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Suzuki, Satona (2000) Japanese Buddhist Missionary Activities in Korea, 1877-1910. PhD thesis. SOAS University of London. DOI: https://doi.org/10.25501/SOAS.00036203

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Abstract

This thesis assesses two major dimensions of modern Japanese Buddhist history. It first examines the contribution made by Meiji Buddhists to Japanese imperialism through their missionary activities in Korea. According to a small number of scholars (both Japanese and Korean), Buddhist missionaries of the late nineteenth and the early twentieth centuries were the "vanguards" of Japanese imperialism: the government sent Buddhist missionaries specifically to "invade" Korea through religious means. Moreover, scholars seem to take it for granted that those missionary activities never developed or evolved over time, but remained the same throughout the period. In this thesis, however, an attempt has been made to re-evaluate this issue-the motivations, the processes and the procedures of the Korea missions carried out by Japanese Buddhists and their relationship with the Japanese and the Korean authorities- by applying different approaches and methods. Most importantly, the period before the Japanese annexation of Korea in 1910 is studied in this thesis, as the annexation of 1910 seems to have been a turning point in the impact Japanese missionaries made in Korea as well as on Japanese policy-making. Moreover, hitherto untapped materials both in Japanese and in Korean have been used to study the issues concerned. The second dimension examined by this thesis is the extent to which Japanese Buddhism influenced Korean Buddhism. To this end, the interaction between Japanese Buddhist missionaries and Korean monks is investigated. The Korean response to those missionary activities as well as the modernisation of Korean Buddhist education, which started just before 1910, is discussed. The ultimate aim of this thesis is to analyse how Meiji Buddhists reacted to international and domestic changes in the late nineteenth century. As this involves their re-assimilation to the new and diverse phenomenon of imperialism, this study throws new light on Japanese imperialism from a religious perspective.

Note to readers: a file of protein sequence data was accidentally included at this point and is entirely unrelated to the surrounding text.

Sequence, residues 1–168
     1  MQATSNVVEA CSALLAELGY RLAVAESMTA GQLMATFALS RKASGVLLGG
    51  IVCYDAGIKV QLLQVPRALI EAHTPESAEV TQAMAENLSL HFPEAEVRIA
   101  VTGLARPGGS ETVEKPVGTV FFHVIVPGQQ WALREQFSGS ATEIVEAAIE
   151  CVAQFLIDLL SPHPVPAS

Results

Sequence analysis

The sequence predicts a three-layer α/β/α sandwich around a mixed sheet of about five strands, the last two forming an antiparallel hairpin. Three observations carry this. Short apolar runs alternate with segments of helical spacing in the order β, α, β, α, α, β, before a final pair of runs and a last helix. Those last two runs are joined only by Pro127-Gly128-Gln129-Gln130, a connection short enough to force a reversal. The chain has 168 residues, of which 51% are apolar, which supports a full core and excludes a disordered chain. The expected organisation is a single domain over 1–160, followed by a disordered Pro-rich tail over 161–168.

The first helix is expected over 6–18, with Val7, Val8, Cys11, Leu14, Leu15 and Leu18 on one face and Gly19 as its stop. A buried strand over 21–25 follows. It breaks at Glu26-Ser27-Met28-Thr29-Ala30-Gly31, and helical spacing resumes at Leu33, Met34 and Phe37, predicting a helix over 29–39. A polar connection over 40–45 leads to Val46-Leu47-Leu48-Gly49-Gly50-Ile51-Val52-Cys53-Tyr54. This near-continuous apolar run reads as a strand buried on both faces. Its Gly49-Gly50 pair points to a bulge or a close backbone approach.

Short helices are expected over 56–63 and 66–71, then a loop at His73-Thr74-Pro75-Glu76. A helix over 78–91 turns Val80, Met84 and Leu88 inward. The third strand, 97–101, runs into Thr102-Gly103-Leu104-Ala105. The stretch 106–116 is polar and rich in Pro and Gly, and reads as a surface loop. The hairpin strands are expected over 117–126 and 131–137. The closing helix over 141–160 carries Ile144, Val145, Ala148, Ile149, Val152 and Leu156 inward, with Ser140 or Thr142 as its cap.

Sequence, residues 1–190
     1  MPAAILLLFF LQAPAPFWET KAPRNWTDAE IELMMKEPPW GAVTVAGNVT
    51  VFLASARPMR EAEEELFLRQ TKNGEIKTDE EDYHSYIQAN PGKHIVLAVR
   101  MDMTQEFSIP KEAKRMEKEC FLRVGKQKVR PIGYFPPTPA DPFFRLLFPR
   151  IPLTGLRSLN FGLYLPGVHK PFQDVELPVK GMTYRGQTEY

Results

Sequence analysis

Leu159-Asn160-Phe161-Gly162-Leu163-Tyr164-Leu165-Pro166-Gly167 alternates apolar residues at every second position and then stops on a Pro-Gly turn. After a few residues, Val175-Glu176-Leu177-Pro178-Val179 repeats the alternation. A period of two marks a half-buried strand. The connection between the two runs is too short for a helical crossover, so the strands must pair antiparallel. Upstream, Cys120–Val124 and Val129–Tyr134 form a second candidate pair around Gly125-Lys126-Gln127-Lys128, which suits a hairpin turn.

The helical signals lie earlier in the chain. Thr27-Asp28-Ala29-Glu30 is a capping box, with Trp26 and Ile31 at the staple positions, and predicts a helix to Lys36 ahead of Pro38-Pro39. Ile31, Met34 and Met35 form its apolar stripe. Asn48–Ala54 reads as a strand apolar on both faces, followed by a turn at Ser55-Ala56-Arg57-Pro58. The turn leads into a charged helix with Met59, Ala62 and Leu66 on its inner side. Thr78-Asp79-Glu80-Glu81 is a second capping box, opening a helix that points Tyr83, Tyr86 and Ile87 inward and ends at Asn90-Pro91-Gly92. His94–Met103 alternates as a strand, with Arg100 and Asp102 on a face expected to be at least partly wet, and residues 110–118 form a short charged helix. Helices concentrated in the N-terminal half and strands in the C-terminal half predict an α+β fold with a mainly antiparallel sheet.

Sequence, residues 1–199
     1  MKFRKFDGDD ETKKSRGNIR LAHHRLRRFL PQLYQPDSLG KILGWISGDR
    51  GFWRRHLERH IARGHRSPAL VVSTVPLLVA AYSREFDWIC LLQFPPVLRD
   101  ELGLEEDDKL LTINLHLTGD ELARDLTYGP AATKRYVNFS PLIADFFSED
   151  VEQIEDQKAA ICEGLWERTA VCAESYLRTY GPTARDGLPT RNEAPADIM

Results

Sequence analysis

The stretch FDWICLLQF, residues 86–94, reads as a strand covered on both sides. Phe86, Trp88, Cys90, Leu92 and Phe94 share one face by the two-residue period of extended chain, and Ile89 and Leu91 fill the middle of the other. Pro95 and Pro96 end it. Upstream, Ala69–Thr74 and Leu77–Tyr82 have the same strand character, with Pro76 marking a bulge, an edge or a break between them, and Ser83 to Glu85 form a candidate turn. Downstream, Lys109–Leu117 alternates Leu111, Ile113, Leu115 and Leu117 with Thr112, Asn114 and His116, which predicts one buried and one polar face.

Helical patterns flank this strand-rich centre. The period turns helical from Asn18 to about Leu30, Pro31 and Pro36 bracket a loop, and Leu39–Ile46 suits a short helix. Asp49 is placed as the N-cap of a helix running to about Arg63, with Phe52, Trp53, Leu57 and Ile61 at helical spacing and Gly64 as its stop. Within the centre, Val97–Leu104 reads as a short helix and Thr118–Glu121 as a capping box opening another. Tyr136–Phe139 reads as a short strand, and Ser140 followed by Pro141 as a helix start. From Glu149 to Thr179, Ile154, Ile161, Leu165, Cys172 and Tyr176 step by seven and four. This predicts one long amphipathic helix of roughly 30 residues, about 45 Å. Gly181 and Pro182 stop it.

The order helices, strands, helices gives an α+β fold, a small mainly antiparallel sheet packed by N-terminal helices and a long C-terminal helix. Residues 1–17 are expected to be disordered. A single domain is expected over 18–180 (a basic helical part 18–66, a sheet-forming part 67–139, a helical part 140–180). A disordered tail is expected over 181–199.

Item Type: Theses (PhD)
SOAS Departments & Centres: Departments and Subunits > School of History, Religions & Philosophies
Departments and Subunits > Department of East Asian Languages & Cultures
Supervisors Name: Martina Deuchler and Tim Barrett
Copyright Statement: Copyright: Satona Suzuki
DOI (Digital Object Identifier): https://doi.org/10.25501/SOAS.00036203
Date Deposited: 10 Jan 2022 15:36
URI: https://eprints.soas.ac.uk/id/eprint/36203

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